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Civic Center is marked by City Hall’s magnificent white pillar and is the seat of the city and county government. Various state and federal agencies occupy the space of this center. It is bounded east and west by San Pedro and Figueroa Street, respectively, and in the south and north by First Street and the Hollywood Freeway, respectively. This district is not particularly touristy, and has only a few cultural and architectural sights. Often, you’ll see the scene of homeless people wandering through the Spartan-like architecture found in this area of downtown.[1]


City Hall
The highlight and pride of the Civic Center is City Hall at 200 N. Spring Street. It is known famously as the Daily Planet office in the original Superman movies of the 1970s and 80s. The building employs a mosaic of different architectural styles. It has a classical temple base, on which a sleek modern tower is built, and it is crowned by a miniature replica of the Mausoleum at Halicarnassus – one of the ancient Seven Wonders of the World. At the 28th story of the City Hall, there is an observation deck that is open to the public and from whence you can observe the building’s marble arches and columns. [2]

Children’s Museum
The Children’s Museum is northeast of the City Hall at 310 N. Main Street.[3]

The Triforium is located at the corner of Temple and Main Street – an ugly public art work that is decorated with shafts of colored glass. Many people are irritated by the Triforium and feel it ruins the Fletcher Bowron Square nearby, which was built to honor the mayor who rid City Hall of its corruption in the late 1930s and early 40s. [4]

Molecule Man
The Molecule Man is another public artwork at the Civic Center district, located at 255 E. Temple Street. It was sculpted by Jonathan Borofsky and illustrates the water composition of the human body. [5]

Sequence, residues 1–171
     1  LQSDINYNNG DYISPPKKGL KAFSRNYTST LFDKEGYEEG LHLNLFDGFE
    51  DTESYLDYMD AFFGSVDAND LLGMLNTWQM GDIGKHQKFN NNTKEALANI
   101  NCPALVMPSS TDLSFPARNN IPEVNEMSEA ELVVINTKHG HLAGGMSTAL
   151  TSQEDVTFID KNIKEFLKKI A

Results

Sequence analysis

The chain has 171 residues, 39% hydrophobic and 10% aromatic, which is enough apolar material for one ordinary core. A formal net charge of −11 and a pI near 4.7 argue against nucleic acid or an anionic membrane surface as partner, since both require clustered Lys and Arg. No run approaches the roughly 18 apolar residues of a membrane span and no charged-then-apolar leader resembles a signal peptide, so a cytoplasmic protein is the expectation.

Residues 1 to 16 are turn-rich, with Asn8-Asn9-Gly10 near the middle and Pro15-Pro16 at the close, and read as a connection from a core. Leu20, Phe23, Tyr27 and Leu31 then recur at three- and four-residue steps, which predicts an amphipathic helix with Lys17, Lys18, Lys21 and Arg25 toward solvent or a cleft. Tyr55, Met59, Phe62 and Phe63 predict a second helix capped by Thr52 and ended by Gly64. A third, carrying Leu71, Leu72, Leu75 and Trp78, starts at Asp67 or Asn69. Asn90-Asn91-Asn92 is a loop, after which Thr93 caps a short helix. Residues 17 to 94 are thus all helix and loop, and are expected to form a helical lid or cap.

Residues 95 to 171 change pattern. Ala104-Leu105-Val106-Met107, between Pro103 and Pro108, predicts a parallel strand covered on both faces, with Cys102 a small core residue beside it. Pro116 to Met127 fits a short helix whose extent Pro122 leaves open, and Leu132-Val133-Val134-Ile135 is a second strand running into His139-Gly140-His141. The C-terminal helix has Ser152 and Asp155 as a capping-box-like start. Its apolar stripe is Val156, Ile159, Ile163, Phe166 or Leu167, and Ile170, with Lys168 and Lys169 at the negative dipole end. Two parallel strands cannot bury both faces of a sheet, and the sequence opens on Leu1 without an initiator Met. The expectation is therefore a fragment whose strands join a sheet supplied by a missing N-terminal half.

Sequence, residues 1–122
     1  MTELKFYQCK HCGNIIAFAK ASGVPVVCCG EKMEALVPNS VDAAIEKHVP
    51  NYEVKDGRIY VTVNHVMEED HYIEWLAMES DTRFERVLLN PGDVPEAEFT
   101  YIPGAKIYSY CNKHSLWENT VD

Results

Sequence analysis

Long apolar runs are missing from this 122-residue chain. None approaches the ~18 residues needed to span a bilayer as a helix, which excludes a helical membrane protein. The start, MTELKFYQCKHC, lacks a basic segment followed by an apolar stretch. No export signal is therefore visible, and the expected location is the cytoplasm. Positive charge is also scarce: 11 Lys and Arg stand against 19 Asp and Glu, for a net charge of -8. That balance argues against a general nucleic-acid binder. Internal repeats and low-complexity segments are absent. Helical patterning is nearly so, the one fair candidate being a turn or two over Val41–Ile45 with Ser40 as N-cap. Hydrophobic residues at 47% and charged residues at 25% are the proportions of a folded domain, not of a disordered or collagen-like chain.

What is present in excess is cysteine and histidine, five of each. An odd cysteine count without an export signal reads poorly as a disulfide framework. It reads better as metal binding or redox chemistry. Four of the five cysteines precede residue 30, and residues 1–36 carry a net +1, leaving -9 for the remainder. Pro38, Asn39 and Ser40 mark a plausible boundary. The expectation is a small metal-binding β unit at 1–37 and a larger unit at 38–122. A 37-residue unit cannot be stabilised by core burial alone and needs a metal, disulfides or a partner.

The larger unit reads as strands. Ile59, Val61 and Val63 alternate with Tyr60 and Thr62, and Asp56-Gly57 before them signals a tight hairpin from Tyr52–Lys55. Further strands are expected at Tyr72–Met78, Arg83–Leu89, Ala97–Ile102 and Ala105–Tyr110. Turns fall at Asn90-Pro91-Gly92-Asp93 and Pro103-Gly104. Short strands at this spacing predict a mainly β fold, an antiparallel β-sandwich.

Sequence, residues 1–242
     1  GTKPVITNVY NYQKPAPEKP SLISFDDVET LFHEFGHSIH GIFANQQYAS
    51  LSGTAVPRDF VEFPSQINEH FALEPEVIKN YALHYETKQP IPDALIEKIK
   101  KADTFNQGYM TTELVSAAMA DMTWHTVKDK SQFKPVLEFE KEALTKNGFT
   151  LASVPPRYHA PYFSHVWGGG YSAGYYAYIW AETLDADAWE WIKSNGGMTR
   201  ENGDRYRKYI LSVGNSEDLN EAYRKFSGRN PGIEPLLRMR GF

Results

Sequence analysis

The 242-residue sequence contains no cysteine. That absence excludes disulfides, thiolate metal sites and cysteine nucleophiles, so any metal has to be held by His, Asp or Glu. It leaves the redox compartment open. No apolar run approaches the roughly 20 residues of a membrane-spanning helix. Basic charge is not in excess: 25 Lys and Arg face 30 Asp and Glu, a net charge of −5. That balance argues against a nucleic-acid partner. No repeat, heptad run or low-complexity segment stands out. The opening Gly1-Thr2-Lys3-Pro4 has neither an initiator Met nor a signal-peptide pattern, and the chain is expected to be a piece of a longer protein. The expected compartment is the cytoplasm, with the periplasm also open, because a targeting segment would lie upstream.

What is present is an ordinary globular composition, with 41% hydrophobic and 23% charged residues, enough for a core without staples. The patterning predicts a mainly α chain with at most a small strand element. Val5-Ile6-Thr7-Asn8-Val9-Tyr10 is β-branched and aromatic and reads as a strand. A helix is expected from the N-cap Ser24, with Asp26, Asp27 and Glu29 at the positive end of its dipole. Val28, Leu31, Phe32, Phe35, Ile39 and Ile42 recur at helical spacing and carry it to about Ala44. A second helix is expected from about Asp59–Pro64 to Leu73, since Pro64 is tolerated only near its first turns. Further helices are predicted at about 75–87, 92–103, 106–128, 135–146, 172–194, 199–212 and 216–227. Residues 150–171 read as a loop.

Times-Mirror Complex
The Times-Mirror Complex is located near the junction of First and Spring Street and is home to the Los Angeles Times’ production facilities. It is a 1930s concrete building that was expanded in 1973, and you can take tours inside to learn about how the paper operates.[6]

Hall of Justice
On the west side of the Civic Center, you’ll find the Hall of Justice, built in 1925 and located at the intersection of Temple and Broadway. It is famous for hosting the turbulent trial of the Manson Family and its building features high granite columns that typify the late-Beaux Arts style of the era.[7]

Disney Hall
The Disney Hall stands gloriously at First Street and Grand Avenue. It is LA’s best example of contemporary architecture. Based on a 1987 design by architect Frank Gehry, it is supposed to resemble the Guggenheim Bilbao in Spain. It is a 2,300 seat acoustic masterpiece with titanium exterior that looks like broken eggshells.[8]

Our Lady of the Angels Catholic Church
In the northern section of the Civic Center district at 555 W. Temple Street sits the $200 million centerpiece of the local archdiocese. This concrete structure stands 11 stories tall and is capable of seating 3,000 people. The church has an exterior that looks like a fortress. Its interior, however, is even more magnificent, featuring a grand marble altar, tapestries of saints, colossal bronze doors, and alabaster screens to screen incoming light. The furnishings and art inside are worth over $30 million.[9]

Music Center
The Music Center at 135 Grand Avenue includes the Ahmanson Theatre, the Dorothy Chandler Pavilion, and the Mark Taper Forum, which together form a concrete plaza. While the buildings are not notable in any way, the Music Center is worth visiting if only to see the performance arts and films on tap.[10]

Dickey, Jeff. Los Angeles, 3rd Edition. Rough Guides, 2003. ISBN: 1843530589.

[1] Dickey, 57
[2] Id.
[3] Id.
[4] Id.
[5] Id.
[6] Id.
[7] Id. at 57-58
[8] Id. at 58
[9] Id. at 58-59
[10] Id. at 58